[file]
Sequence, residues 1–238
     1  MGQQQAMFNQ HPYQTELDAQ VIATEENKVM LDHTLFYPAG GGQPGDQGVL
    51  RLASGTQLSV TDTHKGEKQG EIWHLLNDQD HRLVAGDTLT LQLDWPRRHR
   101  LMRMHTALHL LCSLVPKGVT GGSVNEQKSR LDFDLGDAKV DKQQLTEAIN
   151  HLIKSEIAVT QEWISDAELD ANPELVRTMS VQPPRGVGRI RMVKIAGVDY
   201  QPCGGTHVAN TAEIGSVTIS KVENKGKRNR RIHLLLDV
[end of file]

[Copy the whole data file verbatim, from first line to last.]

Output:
Sequence, residues 1–238
     1  MGQQQAMFNQ HPYQTELDAQ VIATEENKVM LDHTLFYPAG GGQPGDQGVL
    51  RLASGTQLSV TDTHKGEKQG EIWHLLNDQD HRLVAGDTLT LQLDWPRRHR
   101  LMRMHTALHL LCSLVPKGVT GGSVNEQKSR LDFDLGDAKV DKQQLTEAIN
   151  HLIKSEIAVT QEWISDAELD ANPELVRTMS VQPPRGVGRI RMVKIAGVDY
   201  QPCGGTHVAN TAEIGSVTIS KVENKGKRNR RIHLLLDV